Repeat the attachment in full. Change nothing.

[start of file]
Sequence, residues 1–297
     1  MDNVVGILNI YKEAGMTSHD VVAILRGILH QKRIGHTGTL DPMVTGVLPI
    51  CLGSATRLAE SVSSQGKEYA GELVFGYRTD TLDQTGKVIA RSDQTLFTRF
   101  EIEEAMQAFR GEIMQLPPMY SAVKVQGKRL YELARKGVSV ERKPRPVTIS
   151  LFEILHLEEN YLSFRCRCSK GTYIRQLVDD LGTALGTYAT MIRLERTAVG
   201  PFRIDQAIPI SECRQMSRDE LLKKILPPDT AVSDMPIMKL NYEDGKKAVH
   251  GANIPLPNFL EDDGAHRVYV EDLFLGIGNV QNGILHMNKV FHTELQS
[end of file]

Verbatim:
Sequence, residues 1–297
     1  MDNVVGILNI YKEAGMTSHD VVAILRGILH QKRIGHTGTL DPMVTGVLPI
    51  CLGSATRLAE SVSSQGKEYA GELVFGYRTD TLDQTGKVIA RSDQTLFTRF
   101  EIEEAMQAFR GEIMQLPPMY SAVKVQGKRL YELARKGVSV ERKPRPVTIS
   151  LFEILHLEEN YLSFRCRCSK GTYIRQLVDD LGTALGTYAT MIRLERTAVG
   201  PFRIDQAIPI SECRQMSRDE LLKKILPPDT AVSDMPIMKL NYEDGKKAVH
   251  GANIPLPNFL EDDGAHRVYV EDLFLGIGNV QNGILHMNKV FHTELQS